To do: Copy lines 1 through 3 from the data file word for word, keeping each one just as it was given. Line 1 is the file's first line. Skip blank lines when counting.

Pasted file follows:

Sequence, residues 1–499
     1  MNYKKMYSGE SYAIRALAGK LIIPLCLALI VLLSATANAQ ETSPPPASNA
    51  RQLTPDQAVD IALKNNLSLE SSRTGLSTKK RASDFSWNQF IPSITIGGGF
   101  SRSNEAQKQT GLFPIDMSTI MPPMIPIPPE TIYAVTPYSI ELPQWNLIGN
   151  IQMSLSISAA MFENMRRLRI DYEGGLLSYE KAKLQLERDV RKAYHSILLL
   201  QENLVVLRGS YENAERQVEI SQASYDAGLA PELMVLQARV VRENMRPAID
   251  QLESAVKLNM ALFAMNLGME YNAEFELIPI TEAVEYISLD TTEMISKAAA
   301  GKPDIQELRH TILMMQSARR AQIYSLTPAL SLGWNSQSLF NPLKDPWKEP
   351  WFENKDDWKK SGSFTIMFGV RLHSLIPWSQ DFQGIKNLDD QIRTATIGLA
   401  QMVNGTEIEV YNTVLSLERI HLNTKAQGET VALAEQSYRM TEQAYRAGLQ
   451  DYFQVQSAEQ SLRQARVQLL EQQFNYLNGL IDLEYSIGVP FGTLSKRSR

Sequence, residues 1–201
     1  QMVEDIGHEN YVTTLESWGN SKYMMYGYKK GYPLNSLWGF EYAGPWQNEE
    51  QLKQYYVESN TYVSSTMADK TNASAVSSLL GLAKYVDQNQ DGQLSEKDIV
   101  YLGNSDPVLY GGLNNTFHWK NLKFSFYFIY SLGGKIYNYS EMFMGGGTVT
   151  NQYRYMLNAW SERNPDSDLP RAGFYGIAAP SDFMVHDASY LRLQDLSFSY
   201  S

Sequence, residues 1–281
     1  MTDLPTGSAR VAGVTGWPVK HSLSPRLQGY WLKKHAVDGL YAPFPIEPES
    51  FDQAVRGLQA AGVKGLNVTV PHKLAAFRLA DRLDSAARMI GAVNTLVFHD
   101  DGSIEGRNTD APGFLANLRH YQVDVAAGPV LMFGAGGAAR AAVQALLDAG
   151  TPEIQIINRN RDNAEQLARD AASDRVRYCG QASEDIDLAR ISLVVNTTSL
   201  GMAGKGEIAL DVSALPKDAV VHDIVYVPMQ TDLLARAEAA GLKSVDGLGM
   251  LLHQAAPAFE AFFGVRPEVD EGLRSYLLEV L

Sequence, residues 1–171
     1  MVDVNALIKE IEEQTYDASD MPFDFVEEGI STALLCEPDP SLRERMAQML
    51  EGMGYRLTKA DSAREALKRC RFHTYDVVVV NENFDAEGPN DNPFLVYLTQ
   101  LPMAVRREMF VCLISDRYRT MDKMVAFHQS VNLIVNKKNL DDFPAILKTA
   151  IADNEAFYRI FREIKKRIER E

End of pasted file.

Sequence, residues 1–499
     1  MNYKKMYSGE SYAIRALAGK LIIPLCLALI VLLSATANAQ ETSPPPASNA
    51  RQLTPDQAVD IALKNNLSLE SSRTGLSTKK RASDFSWNQF IPSITIGGGF